This Is What Happens When You Eat Too Many Cherries

Bake them into a pie, throw them in a smoothie, add them on top of oatmeal... it doesn't matter how you eat them, cherries are delicious. They go with just about everything from meat to cake to alcohol. And when they're in season, they're like little bits of natural candy. It makes you wonder what happens if you have too much of a good thing.

In the case of cherries, it turns out, not much. Nutrition Value states that a cup of pitted cherries carries 97 calories. Those calories consist of about 25 grams of carbohydrates (20 of which are natural sugar and 3.2 grams are fiber) as well as 1.6 grams of protein. When you compare these numbers to your suggested daily intake, one cup of cherries is about 9% of your daily carb intake, 3% of your daily protein intake, and a solid 11% of your daily fiber.

That's a pretty good ratio for such a sweet treat. By comparison, a 20-ounce bottle of Coke has 65 grams of sugar (24% of your daily intake), no fiber, and no protein according to Coca-Cola's website. In order to consume the same amount of sugar from cherries, you would have to eat roughly two and a half cups of pitted cherries. And that might not seem like a lot, but one you start pitting the cherries, it can really add up.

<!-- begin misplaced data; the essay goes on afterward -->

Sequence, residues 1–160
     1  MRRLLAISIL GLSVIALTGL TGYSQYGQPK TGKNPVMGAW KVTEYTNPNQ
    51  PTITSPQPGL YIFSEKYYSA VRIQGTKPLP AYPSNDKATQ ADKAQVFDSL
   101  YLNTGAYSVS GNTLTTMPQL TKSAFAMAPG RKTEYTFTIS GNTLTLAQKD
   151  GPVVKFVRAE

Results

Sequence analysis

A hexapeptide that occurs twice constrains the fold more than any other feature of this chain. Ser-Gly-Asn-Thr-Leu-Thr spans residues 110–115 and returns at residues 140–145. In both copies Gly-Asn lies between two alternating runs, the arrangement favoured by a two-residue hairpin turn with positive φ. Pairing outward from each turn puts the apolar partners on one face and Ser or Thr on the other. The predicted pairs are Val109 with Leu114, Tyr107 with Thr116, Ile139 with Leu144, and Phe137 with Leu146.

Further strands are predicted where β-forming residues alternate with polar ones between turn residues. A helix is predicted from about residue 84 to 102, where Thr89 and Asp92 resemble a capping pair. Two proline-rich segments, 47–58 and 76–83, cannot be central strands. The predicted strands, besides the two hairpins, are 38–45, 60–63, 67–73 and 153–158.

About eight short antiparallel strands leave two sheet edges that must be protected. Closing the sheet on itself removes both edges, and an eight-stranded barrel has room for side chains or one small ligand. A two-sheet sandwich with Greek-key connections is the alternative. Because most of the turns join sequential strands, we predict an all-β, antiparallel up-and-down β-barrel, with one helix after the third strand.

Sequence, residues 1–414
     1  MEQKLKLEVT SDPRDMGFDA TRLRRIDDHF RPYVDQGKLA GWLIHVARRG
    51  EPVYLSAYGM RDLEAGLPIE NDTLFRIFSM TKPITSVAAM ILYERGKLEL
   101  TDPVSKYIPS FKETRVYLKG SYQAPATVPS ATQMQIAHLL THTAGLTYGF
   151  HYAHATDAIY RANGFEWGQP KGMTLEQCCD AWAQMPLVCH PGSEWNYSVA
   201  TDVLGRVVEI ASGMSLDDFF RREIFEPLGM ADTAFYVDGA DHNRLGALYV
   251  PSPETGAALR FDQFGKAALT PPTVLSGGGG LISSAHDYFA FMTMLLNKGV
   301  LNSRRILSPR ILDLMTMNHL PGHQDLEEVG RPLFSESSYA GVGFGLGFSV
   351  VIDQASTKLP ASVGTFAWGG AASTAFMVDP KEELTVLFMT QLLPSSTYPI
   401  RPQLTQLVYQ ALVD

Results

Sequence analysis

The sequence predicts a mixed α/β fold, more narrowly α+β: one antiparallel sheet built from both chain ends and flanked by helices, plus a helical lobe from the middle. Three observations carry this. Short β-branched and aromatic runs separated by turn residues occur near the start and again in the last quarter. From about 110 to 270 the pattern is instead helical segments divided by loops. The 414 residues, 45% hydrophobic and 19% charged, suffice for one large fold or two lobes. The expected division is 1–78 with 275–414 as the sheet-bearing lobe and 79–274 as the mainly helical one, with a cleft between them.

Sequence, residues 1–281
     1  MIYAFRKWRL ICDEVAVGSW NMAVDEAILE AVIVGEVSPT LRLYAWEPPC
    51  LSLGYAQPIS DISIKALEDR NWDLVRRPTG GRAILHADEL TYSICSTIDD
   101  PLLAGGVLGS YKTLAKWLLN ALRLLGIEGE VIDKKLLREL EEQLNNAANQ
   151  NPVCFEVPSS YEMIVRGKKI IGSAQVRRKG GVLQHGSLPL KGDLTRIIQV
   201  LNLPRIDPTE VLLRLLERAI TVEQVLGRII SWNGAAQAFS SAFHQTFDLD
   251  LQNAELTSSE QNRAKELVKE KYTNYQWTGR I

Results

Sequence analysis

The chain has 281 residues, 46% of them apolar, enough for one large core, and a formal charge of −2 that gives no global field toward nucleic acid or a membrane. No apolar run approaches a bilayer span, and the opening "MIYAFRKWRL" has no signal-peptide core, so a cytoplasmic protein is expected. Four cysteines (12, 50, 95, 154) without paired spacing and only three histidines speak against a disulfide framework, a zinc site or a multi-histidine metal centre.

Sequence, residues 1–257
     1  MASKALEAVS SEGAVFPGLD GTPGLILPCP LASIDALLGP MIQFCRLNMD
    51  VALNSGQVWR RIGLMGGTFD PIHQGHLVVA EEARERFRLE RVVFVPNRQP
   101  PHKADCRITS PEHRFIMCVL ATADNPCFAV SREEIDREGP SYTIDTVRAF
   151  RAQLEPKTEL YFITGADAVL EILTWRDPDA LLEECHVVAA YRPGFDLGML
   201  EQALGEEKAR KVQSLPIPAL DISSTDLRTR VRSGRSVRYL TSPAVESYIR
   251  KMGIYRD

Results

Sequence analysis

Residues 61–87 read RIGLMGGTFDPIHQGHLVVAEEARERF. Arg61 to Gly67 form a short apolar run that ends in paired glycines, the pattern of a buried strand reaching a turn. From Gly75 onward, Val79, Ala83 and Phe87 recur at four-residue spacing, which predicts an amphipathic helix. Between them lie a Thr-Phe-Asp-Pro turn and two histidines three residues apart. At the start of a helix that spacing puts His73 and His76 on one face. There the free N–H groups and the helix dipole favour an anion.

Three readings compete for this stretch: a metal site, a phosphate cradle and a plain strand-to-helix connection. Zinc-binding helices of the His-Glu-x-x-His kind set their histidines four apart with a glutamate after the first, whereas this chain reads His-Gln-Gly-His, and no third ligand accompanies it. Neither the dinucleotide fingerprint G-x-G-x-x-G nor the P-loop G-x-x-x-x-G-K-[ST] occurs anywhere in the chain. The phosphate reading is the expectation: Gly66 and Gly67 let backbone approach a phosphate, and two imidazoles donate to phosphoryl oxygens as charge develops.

Good and bad news about fiber and the pits

Clearly calories and sugar aren't the main concern with cherries. Instead, the problems start with the fiber content in cherries. One cup of the red fruit has 11% of your daily fiber intake. And this is a good thing since most Americans aren't eating enough fiber according to a 2016 study conducted by Diane Quagliani in partnership with The Kellogg Company.

The study encourages people to eat more grains, but fruits and vegetables are also great sources of fiber. And it's important to get enough in your diet. But overdoing it can have some nasty side effects. Speaking to Food Network, gastrointestinal (GI) dietitian Kate Scarlata explained that too much fiber causes painful gas, bloating and even GI distress. This usually means either constipation or a continued stay in the bathroom.

But that's the worst thing you can expect. Unless, of course, you eat the pits. According to the The National Capital Poison Center (NCPC), swallowing a whole cherry pit isn't a problem. You'll pass it before your stomach acid breaks through the shell. But crushed or broken pits are another story. The NCPC explains that when you eat a broken pit, your body breaks down the chemicals inside and creates cyanide. There aren't hard and fast numbers on how many pits are "okay" to eat before cyanide poisoning kicks in so it's best to stay at zero. 

Bottom line? As long as you avoid pits and keep an eye on that fiber intake, you can enjoy as many cherries as you want.